Why I Can’t Be There

by Joan Mazza

My parakeet has a toothache,
and the crows have called a meeting.

Bird flocks are my nearest neighbors
so I must share heavy labors,

build shelter, nests against the cold
between the logs, and clean out mold.

Have fun. Don’t think of me alone.
I have Internet and two phones.

The books downstairs are acting up,
calling me an elite white snob.

I said I’d come to your party,
dinner, dance, fête. I’m heartily

sorry. I won’t be there. My fleece
pajamas need me close. Peace

to you and yours on this cold day.
Just tell others I’ve gone astray.

Copyright 2015, Joan Mazza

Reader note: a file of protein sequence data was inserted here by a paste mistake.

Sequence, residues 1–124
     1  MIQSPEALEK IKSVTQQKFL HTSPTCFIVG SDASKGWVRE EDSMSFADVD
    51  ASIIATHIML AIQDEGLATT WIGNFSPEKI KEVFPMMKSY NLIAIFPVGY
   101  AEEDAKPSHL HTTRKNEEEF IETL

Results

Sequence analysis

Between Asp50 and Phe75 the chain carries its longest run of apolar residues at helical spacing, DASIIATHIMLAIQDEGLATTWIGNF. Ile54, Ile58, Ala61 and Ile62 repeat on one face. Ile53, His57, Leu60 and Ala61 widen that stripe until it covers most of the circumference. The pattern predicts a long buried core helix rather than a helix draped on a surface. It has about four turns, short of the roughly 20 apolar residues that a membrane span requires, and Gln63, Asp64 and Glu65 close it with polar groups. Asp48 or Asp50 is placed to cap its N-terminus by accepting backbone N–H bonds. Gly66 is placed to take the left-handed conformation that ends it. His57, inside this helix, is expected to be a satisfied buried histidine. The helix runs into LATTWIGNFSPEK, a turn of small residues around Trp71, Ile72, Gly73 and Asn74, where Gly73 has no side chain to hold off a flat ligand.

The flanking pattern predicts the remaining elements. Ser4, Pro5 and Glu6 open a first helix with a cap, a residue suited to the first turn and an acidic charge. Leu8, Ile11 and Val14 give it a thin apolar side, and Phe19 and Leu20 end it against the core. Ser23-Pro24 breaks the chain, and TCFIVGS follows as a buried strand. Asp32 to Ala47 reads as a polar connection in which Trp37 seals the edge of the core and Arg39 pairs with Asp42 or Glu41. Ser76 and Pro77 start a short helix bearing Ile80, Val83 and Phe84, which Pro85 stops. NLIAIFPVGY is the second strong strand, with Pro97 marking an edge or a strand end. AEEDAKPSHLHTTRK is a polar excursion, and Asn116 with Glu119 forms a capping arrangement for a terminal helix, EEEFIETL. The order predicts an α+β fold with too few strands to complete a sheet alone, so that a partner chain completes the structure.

Joan Mazza has worked as a medical microbiologist, psychotherapist, and seminar leader. Author of six self-help psychology books, including Dreaming Your Real Self (Penguin/Putnam), her poetry has appeared in Rattle, The MacGuffin, Mezzo Cammin, Buddhist Poetry Review, and The Nation. Joan ran away from the hurricanes of South Florida to be surprised by the earthquakes and tornadoes of rural central Virginia, where she writes poetry and does fabric and paper art. www.JoanMazza.com

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